Human Japanese Intermediate: Extra Credit

Reading, listening, and sentence construction practice based on grammar and vocabulary learned in Human Japanese Intermediate.

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Drill yourself on the “big six” forms of ichidan (“dropper”) verbs: present, past, positive and negative; plus the -te form and the “let’s do” form.
Notes: Contains a brief review of how to get to each form, plus copious example sentences.
Editions Status Total Readers
Standard Unread 1813
Welcome to Japan! Drill on your travel vocabulary as we make our way through customs, out into the main terminal, and beyond.
Notes: Don't forget your passport!
Editions Status Total Readers
Standard Unread 800
Pro
Dozens more practice sentences exercising vocab from Chapter 2.
Notes: Also contains a note about using the "let's do" form to volunteer to do something.
Editions Status Total Readers
Standard Unread 364
Pro
Review and drill on the “big six” forms of godan (“changer”) verbs: present, past, positive and negative; plus the -te form and the “let’s do” form.
Notes: Also contains a note on the use of ni after days of the week.
Editions Status Total Readers
Standard Unread 293
Pro
Check yourself into a fabulous review of vocabulary and patterns related to staying at hotels.
Notes: Also contains bonus uses of the kochira/sochira/achira/dochira set.
Editions Status Total Readers
Standard Unread 230
Pro
Reviews the particle e and a unique power it has.
Notes: Also includes a note on using the word kaeru to speak of returning to locations besides home.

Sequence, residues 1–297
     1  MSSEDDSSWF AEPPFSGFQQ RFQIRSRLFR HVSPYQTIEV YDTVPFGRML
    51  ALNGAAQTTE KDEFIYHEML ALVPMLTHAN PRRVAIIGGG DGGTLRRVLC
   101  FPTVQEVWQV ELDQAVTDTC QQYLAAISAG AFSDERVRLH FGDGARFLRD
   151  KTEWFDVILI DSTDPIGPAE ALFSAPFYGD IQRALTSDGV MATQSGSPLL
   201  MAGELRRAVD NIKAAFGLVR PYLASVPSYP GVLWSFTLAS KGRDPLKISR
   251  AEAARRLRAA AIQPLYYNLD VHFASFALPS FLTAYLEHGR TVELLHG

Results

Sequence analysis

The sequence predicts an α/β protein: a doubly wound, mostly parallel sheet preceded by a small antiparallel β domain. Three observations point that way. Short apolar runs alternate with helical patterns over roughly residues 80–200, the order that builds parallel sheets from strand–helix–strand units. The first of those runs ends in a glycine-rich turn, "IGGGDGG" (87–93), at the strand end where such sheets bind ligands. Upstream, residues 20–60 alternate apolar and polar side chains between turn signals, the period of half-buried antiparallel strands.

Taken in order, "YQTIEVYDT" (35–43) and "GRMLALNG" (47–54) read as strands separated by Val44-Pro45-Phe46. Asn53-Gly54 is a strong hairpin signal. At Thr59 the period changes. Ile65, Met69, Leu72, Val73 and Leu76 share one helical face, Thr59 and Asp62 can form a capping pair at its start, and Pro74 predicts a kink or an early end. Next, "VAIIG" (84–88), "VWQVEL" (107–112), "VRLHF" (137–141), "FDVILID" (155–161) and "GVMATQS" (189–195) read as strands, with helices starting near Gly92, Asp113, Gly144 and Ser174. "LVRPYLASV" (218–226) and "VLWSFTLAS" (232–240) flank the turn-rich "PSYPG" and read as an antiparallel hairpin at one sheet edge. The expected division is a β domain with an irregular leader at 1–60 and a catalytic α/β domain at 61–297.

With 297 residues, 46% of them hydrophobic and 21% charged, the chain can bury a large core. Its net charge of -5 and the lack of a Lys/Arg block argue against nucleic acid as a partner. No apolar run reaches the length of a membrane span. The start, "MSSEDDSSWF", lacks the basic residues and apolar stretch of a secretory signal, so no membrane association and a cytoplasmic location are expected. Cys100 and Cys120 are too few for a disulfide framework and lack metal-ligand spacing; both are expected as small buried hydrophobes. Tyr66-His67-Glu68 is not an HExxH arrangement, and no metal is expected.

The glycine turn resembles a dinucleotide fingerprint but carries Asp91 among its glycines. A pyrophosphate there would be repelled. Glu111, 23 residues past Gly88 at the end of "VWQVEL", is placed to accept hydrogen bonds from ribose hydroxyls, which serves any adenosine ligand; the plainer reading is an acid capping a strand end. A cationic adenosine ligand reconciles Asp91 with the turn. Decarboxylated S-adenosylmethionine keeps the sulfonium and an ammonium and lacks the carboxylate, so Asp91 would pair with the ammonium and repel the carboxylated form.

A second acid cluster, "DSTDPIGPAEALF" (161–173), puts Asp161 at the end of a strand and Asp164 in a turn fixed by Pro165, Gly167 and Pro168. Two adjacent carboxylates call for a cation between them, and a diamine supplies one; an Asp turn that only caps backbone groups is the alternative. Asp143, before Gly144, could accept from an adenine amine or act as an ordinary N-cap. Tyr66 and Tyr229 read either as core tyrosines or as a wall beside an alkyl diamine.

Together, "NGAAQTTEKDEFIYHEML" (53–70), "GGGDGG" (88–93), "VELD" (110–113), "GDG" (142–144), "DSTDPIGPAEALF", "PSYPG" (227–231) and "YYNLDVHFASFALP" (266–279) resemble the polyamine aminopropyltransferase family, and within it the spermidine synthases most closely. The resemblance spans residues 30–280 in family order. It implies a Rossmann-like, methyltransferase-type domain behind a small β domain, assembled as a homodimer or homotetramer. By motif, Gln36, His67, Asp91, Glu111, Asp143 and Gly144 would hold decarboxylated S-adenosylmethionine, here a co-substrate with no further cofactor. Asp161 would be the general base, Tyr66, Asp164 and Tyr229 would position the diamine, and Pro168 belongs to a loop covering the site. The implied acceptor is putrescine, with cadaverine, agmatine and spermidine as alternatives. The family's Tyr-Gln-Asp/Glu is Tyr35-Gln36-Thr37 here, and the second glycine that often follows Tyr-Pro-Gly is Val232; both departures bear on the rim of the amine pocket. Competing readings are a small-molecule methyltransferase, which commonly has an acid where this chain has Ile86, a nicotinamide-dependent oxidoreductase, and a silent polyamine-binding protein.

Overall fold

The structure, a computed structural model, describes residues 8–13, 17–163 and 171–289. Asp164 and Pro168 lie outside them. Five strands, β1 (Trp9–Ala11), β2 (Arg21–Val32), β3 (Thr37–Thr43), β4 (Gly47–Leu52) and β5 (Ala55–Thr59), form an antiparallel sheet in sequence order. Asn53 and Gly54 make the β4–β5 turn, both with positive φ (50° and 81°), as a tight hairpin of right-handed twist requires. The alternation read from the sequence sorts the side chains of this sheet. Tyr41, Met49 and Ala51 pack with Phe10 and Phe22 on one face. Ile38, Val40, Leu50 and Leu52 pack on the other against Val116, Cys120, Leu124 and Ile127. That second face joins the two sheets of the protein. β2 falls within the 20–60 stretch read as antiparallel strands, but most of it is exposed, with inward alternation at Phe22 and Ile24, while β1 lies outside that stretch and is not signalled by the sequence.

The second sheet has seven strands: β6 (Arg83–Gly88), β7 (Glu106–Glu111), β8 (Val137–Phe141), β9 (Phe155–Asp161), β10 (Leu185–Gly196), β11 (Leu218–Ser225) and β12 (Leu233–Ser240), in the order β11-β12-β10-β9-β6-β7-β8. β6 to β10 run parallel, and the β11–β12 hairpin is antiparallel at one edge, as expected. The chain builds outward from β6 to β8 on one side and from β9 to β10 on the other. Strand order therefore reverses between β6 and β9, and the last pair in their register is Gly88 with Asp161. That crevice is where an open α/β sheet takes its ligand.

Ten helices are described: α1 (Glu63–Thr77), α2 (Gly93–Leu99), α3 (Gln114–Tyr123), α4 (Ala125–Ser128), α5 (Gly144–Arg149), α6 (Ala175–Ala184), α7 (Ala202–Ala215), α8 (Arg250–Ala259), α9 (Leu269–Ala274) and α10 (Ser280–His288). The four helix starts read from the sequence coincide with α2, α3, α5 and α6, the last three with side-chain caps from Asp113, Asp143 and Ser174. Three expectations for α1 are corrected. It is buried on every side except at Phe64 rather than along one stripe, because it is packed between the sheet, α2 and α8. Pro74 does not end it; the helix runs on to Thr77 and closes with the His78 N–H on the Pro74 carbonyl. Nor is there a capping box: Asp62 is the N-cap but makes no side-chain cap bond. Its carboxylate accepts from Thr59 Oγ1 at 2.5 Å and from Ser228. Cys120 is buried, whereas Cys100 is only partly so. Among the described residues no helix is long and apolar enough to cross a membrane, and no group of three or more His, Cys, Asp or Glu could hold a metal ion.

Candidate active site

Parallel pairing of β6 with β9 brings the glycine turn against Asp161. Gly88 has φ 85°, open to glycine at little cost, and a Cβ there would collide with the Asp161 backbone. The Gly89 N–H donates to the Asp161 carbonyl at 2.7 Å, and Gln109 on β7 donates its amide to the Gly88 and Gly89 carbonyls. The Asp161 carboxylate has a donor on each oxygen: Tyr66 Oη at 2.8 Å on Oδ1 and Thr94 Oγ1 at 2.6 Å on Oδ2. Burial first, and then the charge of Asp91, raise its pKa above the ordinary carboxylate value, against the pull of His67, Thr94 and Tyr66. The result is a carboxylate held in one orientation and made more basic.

Editions Status Total Readers
Standard Unread 205
Pro
Drill on the four main irregular verbs in Japanese: to go, to come, to do, and to be. After this point, you'll be able to rock any verb in its informal (plain) form!
Notes: Also exercises vocabulary learned in the previous several chapters.
Editions Status Total Readers
Standard Unread 184
Pro
Drill on a few patterns and important male-female speech differences related to using informal verbs.
Notes: Also contains a review of how to create informal questions without sounding blunt.
Editions Status Total Readers
Standard Unread 202
Pro
Drill yourself on sentences using the reason-marking kara.
Notes: This episode also looks at sentences that omit the consequence ("It's because I like movies") and incomplete sentences that do the same ("Because I like movies").
Editions Status Total Readers
Standard Unread 185
Pro
Start your day off right with a refreshing splash of vocabulary and grammar.
Notes: This episode also reviews the expression made ni, "by (a certain time)."
Editions Status Total Readers
Standard Unread 213
Pro
In this continuation of our review of Chapter 10, we focus on the verb motsu, along with its use in the multi-word expressions for "bringing" and "taking."
Notes: This lesson also reviews additional vocabulary from the chapter.
Editions Status Total Readers
Standard Unread 176
Pro
Drive through lots of sentences using the musing, emoting, and wondering out loud particle na.
Notes: This episode also introduces a new use for the word taihen.
Editions Status Total Readers
Standard Unread 187
Pro
Reviews four important uses of the familiar -te form when joining two phrases together.
Notes: The fourth use discussed, to name the manner or state in which the main action is carried out, is particularly important.
Editions Status Total Readers
Standard Unread 161
Pro
All aboard an express review of vocabulary and grammar related to the rail system in Japan!
Notes: This episode also contains a note on using humble verbs like mairu on people besides yourself.